Regardless, there were also some interesting technological and market developments that were clear to see. The new standards for arsenic in drinking water, due to come into effect in January, are clearly getting a lot of attention both from vendors and customers. New disinfection, filtration, sensor, and other technologies are showing some interesting developments as well. And for what it's worth, I found myself thinking often about machine-to-machine communications while looking at the vendor offerings -- a lot of technology on display that assumed such communications links would be in place, but who's going to provide them? And how?

In all, an interesting conference. Some things to get excited about, and also a good chance to reality check -- nothing like walking through a few displays of specialty hammers, shovels, and fire hydrants to remind you what makes most of the industry really tick.

Monday, June 13, 2005

USA Today front page: "The Debate is Over"

Without getting into policy issues (not the purview of this site), it's worth noting this article that came out today.

While the public attention and any public policy impacts of such news can only help clean technology investing, an important point to take away from the article (once again) is that business leaders (and their large, acquisitive companies) are starting to move toward clean technologies even in the absence of any policy change. This helps enable successful exits for cleantech venture investors, and lends further momentum to the investment sector in general.

Nice article on the current state of solar VC investing

Some good quotes by several leading-light (pardon the pun) cleantech VCs in this nice article about solar PV on CNET News.

Apparently the article was written before word came out last week that Mohr Davidow is backing Nanosolar...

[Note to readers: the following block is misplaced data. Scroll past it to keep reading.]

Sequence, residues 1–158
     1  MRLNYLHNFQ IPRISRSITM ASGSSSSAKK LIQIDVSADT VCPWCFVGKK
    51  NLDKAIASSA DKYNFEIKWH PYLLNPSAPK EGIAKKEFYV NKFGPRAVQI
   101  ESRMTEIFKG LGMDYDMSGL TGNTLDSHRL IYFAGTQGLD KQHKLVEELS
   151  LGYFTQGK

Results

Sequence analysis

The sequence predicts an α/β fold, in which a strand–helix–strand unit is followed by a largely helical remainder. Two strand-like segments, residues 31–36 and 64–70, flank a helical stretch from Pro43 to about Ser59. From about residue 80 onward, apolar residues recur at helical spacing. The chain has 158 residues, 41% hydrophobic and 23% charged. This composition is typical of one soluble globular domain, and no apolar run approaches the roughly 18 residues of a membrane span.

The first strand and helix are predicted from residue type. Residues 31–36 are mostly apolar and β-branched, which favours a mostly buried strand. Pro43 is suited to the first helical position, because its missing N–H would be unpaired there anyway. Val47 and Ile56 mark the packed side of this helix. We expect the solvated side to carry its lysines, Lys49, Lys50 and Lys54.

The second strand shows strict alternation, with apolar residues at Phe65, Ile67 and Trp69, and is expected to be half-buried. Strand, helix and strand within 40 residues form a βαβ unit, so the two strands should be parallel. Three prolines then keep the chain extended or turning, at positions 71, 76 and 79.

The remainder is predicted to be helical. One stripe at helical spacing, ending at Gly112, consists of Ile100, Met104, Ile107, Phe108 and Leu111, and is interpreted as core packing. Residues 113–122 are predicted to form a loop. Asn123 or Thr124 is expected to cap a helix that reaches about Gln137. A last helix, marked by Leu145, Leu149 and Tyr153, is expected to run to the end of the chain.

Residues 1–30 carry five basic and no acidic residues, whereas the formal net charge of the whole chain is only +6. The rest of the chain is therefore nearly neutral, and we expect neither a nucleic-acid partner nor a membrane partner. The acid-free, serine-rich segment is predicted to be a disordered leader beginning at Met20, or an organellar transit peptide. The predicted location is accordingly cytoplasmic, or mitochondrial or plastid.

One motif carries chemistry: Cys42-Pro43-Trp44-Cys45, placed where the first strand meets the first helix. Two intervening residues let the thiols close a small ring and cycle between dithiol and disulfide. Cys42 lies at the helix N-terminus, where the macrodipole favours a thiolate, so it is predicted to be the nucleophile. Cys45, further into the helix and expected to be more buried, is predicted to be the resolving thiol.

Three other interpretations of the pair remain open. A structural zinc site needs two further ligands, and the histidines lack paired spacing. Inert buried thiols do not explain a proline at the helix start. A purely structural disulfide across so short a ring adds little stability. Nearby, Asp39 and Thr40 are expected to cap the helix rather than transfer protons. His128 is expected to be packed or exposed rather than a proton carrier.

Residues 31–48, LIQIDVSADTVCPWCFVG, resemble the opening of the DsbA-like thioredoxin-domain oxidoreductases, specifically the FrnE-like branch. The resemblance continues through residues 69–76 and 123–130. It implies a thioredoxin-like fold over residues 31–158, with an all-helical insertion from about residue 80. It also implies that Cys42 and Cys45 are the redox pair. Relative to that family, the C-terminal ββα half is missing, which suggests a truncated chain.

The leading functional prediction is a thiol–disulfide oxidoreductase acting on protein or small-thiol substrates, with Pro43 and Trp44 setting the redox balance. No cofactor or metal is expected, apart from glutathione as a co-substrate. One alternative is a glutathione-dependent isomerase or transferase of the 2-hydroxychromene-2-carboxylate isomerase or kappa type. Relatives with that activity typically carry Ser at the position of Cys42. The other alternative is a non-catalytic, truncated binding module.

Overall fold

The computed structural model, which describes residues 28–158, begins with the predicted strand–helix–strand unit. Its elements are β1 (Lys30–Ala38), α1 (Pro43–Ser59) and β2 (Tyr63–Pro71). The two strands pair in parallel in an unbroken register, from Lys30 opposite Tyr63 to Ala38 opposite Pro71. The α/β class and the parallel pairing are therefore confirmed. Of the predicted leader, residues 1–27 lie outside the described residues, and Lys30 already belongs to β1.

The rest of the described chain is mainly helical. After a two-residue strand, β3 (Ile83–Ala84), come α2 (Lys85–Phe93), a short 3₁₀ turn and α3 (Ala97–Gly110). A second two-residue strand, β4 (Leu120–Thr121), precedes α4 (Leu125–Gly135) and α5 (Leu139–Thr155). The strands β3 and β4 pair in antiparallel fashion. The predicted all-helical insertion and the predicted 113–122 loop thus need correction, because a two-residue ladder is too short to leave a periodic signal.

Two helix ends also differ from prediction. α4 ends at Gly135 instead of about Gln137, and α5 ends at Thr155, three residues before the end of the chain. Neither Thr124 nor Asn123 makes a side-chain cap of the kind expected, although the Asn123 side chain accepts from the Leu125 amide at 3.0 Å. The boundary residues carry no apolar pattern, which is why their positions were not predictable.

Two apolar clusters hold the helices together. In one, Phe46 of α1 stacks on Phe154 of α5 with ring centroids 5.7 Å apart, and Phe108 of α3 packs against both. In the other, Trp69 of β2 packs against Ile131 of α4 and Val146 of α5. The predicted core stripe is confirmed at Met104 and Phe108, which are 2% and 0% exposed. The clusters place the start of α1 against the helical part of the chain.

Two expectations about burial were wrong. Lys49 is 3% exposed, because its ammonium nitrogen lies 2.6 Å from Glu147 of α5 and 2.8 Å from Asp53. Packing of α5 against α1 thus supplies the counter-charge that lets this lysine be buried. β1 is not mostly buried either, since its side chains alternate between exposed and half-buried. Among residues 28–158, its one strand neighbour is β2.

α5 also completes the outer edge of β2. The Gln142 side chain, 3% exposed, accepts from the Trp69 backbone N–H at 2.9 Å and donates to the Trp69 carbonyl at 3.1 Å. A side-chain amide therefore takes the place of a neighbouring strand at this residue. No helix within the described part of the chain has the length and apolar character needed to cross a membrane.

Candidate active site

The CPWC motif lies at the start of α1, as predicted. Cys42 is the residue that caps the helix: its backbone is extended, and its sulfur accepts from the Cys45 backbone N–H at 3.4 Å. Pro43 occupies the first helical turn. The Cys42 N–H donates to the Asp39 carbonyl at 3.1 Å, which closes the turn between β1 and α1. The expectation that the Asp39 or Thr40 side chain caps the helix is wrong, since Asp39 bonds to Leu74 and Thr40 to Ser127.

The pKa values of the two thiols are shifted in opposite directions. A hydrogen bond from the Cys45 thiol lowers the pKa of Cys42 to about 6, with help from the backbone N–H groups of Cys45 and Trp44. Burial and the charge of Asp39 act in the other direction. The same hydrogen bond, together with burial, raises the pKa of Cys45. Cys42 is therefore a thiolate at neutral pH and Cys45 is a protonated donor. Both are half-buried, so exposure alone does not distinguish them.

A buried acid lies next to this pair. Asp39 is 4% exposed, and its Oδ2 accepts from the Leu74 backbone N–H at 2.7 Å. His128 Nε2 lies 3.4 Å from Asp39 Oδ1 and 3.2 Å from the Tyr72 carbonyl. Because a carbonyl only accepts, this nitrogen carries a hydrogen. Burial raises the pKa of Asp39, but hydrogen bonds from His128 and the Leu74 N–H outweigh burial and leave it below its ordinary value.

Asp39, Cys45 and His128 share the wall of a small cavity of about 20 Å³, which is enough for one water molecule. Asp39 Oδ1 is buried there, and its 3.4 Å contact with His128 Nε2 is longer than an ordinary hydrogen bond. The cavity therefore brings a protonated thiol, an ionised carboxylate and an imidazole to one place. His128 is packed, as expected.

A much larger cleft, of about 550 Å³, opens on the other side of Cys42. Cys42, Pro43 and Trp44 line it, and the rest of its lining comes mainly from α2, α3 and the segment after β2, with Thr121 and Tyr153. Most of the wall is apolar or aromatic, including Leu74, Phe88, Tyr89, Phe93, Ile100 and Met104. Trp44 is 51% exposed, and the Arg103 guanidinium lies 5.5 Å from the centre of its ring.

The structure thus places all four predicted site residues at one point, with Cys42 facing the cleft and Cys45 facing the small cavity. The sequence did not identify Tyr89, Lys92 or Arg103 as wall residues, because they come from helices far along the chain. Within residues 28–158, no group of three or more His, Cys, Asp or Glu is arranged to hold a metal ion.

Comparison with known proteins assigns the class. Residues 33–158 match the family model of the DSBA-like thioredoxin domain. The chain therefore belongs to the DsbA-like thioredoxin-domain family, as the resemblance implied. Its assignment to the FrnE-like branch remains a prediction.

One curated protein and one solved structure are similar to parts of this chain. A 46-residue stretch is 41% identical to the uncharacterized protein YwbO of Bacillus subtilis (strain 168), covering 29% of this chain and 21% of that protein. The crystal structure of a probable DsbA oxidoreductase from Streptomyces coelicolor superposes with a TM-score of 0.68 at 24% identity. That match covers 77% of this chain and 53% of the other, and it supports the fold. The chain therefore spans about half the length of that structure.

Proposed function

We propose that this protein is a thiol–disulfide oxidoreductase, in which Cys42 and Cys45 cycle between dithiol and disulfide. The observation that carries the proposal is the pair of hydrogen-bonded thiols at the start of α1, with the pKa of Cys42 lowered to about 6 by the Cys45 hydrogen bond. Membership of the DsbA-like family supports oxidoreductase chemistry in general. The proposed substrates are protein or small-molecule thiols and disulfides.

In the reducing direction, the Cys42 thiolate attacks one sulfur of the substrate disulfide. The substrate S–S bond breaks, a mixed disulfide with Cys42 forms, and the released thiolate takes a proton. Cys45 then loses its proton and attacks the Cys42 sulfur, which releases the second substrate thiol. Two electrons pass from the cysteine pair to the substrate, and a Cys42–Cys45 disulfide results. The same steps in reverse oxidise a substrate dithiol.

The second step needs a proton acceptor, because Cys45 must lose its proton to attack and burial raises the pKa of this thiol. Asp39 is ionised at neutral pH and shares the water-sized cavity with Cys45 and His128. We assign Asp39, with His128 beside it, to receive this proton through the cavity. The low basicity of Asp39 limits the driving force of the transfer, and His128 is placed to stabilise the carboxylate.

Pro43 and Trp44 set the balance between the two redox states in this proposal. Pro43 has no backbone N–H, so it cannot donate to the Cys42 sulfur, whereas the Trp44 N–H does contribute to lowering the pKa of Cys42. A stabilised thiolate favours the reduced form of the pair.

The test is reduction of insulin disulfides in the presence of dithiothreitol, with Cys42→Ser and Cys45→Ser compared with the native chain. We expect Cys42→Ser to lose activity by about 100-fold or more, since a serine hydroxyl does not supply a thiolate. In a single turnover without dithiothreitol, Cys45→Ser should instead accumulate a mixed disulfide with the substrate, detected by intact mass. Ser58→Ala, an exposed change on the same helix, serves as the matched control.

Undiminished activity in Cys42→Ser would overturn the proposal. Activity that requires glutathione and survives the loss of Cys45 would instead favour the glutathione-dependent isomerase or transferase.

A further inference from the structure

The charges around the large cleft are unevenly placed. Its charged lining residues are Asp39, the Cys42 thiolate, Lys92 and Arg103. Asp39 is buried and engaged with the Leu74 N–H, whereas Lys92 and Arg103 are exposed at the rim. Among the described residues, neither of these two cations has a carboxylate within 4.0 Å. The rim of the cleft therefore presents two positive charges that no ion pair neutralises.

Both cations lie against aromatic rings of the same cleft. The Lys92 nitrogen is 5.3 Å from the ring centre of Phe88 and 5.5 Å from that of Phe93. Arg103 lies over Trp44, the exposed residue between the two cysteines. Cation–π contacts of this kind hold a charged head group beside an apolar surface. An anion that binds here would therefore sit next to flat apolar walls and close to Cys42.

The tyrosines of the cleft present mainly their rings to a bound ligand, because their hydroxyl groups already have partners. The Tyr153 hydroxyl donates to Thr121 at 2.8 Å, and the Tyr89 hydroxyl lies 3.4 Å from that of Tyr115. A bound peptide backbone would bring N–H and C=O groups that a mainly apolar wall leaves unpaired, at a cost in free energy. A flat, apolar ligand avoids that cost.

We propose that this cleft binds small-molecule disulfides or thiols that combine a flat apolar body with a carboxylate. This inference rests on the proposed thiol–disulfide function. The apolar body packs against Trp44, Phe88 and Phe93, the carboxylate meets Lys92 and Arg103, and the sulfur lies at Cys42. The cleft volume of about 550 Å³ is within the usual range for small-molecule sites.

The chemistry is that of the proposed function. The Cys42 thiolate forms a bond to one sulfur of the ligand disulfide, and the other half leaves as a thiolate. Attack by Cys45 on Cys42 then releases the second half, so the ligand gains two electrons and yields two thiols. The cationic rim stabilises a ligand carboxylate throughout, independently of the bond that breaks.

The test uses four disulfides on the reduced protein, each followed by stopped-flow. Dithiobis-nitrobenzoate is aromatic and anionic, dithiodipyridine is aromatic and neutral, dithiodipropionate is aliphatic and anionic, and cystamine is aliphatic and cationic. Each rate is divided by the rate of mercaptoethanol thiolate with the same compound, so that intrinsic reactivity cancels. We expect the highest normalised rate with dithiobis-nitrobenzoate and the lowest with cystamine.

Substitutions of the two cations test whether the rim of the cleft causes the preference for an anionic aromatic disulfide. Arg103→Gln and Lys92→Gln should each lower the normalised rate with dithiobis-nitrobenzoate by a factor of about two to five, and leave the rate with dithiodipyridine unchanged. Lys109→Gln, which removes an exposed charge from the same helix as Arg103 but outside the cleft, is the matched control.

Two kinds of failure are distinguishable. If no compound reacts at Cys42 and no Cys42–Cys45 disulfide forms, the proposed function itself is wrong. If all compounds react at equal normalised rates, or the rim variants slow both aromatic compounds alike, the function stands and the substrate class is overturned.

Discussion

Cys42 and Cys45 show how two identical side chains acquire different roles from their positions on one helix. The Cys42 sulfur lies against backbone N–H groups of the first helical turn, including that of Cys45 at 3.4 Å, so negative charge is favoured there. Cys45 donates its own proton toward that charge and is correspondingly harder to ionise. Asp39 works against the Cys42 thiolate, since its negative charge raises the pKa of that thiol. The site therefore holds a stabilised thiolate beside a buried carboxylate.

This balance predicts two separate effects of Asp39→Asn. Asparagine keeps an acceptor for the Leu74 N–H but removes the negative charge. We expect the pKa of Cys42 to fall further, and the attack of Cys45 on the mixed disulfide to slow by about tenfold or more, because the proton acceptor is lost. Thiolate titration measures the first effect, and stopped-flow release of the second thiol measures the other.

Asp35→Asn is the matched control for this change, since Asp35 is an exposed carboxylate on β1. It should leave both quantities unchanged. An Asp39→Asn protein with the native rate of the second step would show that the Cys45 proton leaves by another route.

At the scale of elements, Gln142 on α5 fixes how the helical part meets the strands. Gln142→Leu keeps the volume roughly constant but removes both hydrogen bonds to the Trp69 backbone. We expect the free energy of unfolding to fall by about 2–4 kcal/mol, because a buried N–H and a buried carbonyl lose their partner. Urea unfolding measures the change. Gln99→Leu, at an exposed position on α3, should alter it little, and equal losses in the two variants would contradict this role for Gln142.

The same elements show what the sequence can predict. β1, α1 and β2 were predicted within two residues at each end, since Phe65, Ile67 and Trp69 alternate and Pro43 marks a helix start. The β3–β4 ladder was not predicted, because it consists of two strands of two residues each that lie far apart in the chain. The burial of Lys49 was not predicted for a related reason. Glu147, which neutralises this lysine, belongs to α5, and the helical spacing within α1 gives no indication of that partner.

Sunday, June 12, 2005

The Hydrogen Economy: Point-counterpoint

This weekend I stumbled upon (thanks to Hydrogen and Fuel Cell Investor) an interesting debate being carried out in the editorial pages of the Vancouver Sun, discussing the overall potential of the "hydrogen economy."

On the one hand, Jon Hykawy (the Director of Technology Research at Fraser Mackenzie, a Canadian investment bank) argues that "hydrogen is too expensive to become a useful fuel in our modern world". He even goes so far as to make a strongly-implied suggestion that government funding for hydrogen-focused technologies be directed elsewhere.

This was followed a week later by a response from Dennis Campbell, the CEO of Ballard Power, who shoots back that "investing in hydrogen and fuel cell commercialization is a 'no brainer'..." (note: opens a PDF from the Ballard website).

For those interested in the ongoing debate about the hydrogen economy and hydrogen-fueled fuel cells, these two short opinion pieces are a great resource, simply and clearly laying out the arguments that both sides of the debate tend to use.

...It's also interesting to take note of a couple of sub-plots. First of all, as a research analyst with Fraser Mackenzie, Hykawy covers Ballard. Here's a pdf of one of his recent research reports. Ouch. Secondly, while assailing PEM fuel cells as having a long way to go before broad commercialization, and PEM-based companies like Ballard for not having strong financial returns (a criterion he cites for government funding), it's interesting to see that Hykawy seems to feel just as strongly -- but in this case, positively -- about solid oxide fuel cell companies (see here a pdf of one of his recent research reports on Fuel Cell Technologies... interested readers might want to dig into his economic analysis, it's enlightening).

Friday, June 10, 2005

Now that the cat's out of the bag... per SiliconBeat, we're free to cite Matt Marshall that:
  • Nanosolar raised a $20M round led by Mohr Davidow, and including Mitsui, Benchmark Capital and the US Army venture capital fund OnPoint.
  • Miasole raised a $16M round led by Kleiner Perkins with participation by existing funders.